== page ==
A previous technique for forming a head actuator assembly having a plurality of load beams is described and illustrated in U.S. Pat. No. 4,829,395. In this assembly, a number of load beams are connected to a block by "ball staking." Part of the assembly has a boss with a passage having a narrow region. The boss is inserted in a mating hole and a ball is pressed through the passage. The ball has a larger diameter than the narrow region of the passage and swages the boss outwardly, thereby staking the parts together. Such a ball staking technique is also used in another embodiment of prior head assembly where the head actuator assembly has what amounts to an E-shaped block. Several load beams are ball staked to arms of the E-shaped block.
The ball staking essentially permanently attaches the load beam to the supporting block. This makes rework difficult in the event one of the load beams and the structure connected to it has a defect and needs to be replaced or removed for repair. Furthermore, when a ball staked part is removed, it becomes difficult to reattach and cracking of the metal may actually make it impossible. Thus, parts from such assembly may not be reusable. It would therefore be desirable to have load beam assemblies that could be disassembled for ease of repair and replacement.
It would also be desirable to have an assembly fixture which facilitates assembly and alignment of the load beam assemblies, and preferably, one that may have additional uses during the manufacture of a disk drive.
There is, therefore, provided in practice of this invention according to a presently preferred embodiment, a magnetic memory disk storage system which has one or more data storage disks mounted in a closed housing. A head actuator assembly is pivotally mounted adjacent to such a storage disk and has a pair of load beam assemblies, with the two load beam assemblies of the pair each being adjacent one face of the storage disk. Such a load beam assembly has a load beam with an actuator arm welded to the inboard end and including pivot hole. A slider for a magnetic recording read/write head is mounted on an outboard of the load beam adjacent to a face of the disk for reading and writing data on the disk. At least one alignment ear is provided on the actuator arm. Preferably, there are two alignment ears with one having a V-shaped notch for aligning the load beam assembly both longitudinally and in a transverse direction.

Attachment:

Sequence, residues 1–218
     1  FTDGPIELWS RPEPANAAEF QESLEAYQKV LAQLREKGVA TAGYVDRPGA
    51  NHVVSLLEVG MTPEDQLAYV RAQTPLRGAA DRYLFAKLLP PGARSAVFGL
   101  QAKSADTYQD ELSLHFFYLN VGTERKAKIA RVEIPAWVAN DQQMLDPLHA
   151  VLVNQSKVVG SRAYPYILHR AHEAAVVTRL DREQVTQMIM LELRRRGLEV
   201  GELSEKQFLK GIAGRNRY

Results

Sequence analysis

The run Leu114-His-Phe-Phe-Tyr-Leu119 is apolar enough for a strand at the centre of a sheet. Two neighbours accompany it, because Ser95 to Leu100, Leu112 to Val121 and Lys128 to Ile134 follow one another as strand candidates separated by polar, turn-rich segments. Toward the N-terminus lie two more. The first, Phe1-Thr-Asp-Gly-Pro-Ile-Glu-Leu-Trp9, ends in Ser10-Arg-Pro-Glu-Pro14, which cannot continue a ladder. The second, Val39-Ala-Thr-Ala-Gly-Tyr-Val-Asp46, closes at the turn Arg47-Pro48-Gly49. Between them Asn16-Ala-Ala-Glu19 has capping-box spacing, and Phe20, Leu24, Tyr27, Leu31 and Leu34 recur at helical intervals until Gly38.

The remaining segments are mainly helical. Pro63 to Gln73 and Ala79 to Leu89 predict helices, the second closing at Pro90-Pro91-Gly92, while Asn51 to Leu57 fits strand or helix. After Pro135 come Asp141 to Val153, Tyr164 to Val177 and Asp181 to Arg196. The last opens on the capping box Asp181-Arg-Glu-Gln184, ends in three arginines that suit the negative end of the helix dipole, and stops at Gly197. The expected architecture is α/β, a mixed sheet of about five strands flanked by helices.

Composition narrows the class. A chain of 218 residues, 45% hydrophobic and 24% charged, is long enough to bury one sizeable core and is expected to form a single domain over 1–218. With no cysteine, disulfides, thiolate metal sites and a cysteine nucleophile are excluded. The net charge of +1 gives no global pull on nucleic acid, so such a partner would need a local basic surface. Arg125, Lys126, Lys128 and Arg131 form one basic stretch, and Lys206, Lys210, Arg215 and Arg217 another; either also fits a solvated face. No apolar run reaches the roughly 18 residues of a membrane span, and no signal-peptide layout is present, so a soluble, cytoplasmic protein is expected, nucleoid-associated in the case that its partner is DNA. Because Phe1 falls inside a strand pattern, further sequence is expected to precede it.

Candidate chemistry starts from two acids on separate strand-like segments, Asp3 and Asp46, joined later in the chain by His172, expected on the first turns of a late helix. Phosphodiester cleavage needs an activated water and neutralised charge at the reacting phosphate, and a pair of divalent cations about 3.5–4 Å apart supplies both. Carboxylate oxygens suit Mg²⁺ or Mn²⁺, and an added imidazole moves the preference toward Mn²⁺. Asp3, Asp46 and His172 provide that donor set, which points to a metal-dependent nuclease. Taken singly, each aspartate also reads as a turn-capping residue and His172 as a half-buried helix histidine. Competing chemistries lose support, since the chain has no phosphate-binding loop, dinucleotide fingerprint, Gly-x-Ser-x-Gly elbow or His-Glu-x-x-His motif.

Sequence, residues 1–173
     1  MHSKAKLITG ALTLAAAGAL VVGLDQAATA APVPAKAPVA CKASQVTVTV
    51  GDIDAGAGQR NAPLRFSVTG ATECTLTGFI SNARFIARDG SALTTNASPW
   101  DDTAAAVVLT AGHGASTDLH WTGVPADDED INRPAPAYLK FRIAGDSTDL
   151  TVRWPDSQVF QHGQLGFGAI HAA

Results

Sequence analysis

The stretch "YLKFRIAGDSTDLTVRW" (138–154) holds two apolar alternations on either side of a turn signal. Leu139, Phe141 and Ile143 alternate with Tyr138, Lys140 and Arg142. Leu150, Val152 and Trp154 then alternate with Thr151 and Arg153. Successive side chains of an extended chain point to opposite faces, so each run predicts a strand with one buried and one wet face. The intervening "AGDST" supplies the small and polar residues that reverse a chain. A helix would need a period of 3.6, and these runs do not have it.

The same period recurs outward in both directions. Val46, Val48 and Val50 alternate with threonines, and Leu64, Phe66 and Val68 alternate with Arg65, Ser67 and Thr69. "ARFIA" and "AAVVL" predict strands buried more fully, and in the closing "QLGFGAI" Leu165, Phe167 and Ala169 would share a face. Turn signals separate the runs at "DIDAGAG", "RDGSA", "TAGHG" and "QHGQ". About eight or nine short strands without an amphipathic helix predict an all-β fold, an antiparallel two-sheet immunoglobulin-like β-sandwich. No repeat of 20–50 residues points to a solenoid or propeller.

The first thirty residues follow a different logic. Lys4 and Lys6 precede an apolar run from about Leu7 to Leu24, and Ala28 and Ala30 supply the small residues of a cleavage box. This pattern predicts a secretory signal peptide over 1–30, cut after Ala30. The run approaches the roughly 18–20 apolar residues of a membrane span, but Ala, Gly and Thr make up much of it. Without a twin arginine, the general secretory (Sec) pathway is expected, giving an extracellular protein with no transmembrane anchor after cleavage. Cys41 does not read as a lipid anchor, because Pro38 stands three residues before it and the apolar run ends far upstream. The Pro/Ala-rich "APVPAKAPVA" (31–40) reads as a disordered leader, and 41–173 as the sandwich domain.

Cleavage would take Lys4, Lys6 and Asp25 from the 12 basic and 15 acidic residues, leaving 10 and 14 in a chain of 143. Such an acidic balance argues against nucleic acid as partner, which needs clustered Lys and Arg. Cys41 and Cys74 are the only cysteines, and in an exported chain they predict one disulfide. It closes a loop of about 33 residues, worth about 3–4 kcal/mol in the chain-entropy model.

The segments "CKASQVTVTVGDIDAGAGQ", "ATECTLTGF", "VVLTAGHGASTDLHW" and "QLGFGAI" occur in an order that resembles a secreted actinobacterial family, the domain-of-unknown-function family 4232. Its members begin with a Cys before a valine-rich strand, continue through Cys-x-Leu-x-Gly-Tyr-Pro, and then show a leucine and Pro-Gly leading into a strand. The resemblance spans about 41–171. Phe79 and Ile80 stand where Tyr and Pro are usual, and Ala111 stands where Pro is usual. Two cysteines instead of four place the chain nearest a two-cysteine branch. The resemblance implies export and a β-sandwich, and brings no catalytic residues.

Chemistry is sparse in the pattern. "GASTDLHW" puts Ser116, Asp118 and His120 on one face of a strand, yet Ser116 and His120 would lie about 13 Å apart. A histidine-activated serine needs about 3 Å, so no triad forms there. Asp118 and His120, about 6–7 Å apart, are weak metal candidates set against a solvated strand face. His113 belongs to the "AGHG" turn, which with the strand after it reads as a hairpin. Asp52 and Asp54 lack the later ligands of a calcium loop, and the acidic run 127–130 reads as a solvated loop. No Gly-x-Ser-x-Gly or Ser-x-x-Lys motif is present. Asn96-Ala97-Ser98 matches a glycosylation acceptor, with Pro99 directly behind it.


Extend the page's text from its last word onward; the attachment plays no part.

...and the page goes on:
These load beam assemblies are assembled on a pivot bearing extending through the respective pivot holes and are clamped together for forming a head actuator assembly. Instead of aligning the outboard ends of the load beams by tooling surfaces near the outboard ends, the alignment ears on the respective load beam assemblies are all in alignment with each other.
After such a stack of parts for a head actuator assembly is mounted on the bearings, a nut is threaded onto a portion of the bearing assembly for clamping the load beam assemblies together. A special washer is provided between the nut and load beam assemblies with a torque member for isolating the torque applied to the nut from the load beam assemblies, thereby preventing twisting of the load beam assemblies.
Clearly, such a combination can be readily assembled and disassembled and the sliders can be kept in close alignment.
These and other features and advantages of the present invention will be appreciated as the same becomes better understood by reference to the following detailed description when considered in connection with the accompanying drawings, wherein: